After flying every weekend day in September, I got my instructor sign off for the practical exam on October 8th. I would schedule the exam, I thought, practice for a few more weeks, take the exam and then be done. Success. But when I contacted the examiner, the earliest he could do was November 27th, the Sunday after Thanksgiving. That was after the club disassembles the gliders for storage and closes up for the winter. I could of course postpone until spring when the cub reopens. I would need a month of flying to get current again. Some past students told horror stories of more than a month. The club does leave two gliders out over the winter, the 2-33 and 1-26. I could switch from the Blanik to the 2-33. That would mean learning a whole new glider. Or I could petition the club board to keep the Blanik out for an extra couple weekends and extend the insurance.
I was burnt out from a month of intense glider practice. I had been really hoping for a light at the end of the tunnel; time to spend with Tyson and Isaac, a chance to catch the end of the sea kayaking season. We hadn’t made it out sea kayaking all summer. October in a dry suit is really pleasant because the water is still warm and the air isn’t too hot.
I debated just putting it off until next year. Ravi, another Sterling pilot, also had his commercial check ride scheduled with the same examiner on the 27th. He decided the odds were too low that we could get the Blanik kept out, have good weather, and enough people to run the ground crew on Thanksgiving weekend. He chose to delay until next year. I discussed with Tyson. He said, after all the effort I had put into getting my rating this year, I should stick with it and get it done. Tyson was willing to put up with more weekends of single parenting, pasta dinners, and the trash piling up because no one had time to take it to the dump.
The next option was the Schweizer 2-33. This glider was the primary two seat trainer across the US in the 70’s and 80’s. Almost every club has one, and some are still using them as the primary trainer. The 2-33 is a bulbous aircraft with lots of corners where the fabric skin bends over the steel tube frame. The club keeps it out over the winter because its wings are high enough to pass over snow banks. I had never flown it because it looked like the antithesis of the sleek modern composite sailplanes I wanted to fly. Some of the instructors liked it for nostalgia. Others avoided it. The next weekend, I decided I had better try flying the 2-33 to see if I could easily switch for my exam. The problem was, the instructor on duty that day emphatically declared he was not flexible enough to climb up into the back seat, much less survive sitting in it for a half hour. This was before Ravi had decided to postpone until next year, so he was also considering the 2-33. He let me sit in back one flight. I memorized the sight picture. On the ground, I skimmed the owners manual and then got the instructor to sign me off to solo the 2-33. I took it up for one flight. It was easy enough to fly, but it was definitely different than the Blanik. I would need to commit to practicing every good weather weekend day from now until the check ride. I was too burnt out for that.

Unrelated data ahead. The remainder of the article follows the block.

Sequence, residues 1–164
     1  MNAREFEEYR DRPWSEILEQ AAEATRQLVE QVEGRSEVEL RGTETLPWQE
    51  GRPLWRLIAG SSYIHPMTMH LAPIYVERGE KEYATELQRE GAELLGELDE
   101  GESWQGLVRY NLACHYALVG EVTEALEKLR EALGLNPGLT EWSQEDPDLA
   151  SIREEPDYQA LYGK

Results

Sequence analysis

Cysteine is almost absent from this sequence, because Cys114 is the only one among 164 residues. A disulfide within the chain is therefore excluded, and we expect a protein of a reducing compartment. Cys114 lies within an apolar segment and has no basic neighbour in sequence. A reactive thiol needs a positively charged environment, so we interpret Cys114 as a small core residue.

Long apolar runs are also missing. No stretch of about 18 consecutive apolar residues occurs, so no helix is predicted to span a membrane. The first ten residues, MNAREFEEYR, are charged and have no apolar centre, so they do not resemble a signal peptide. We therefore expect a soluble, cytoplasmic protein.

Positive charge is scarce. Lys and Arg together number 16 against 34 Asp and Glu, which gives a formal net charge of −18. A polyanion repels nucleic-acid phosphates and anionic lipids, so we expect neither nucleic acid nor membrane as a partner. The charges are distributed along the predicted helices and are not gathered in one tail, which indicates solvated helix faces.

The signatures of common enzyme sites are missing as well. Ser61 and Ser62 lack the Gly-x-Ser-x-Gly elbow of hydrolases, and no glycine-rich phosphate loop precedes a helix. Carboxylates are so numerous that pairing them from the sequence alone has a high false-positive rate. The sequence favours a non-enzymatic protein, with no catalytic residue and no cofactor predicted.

I do find it amusing that my one flight in the venerable two seat trainer, was a solo flight.
If I was going to stick with this year, that left petitioning the board to keep the Blanik out, keep it on insurance, and not take all the tow planes down for maintenance. I gathered my case. I would organize a volunteer crew to do final disassembly and storage. If weather was bad the weekend of the 27th, I would not request further delays both because of insurance concerns and because it is miserable to disassemble a glider in sleet. I backed up my case with multiple instructors recommending I stick with the Blanik and get the exam done this year when I was fresh. At the next monthly board meeting, I made my request. They discussed it. They generally seemed positive, but they didn’t say yes. They just moved on to the next topic. Cathy later told me that is how the board works. If they don’t say “no”, then it is a yes.
I had a month and a half to study and prepare, and to cross my fingers about the weather.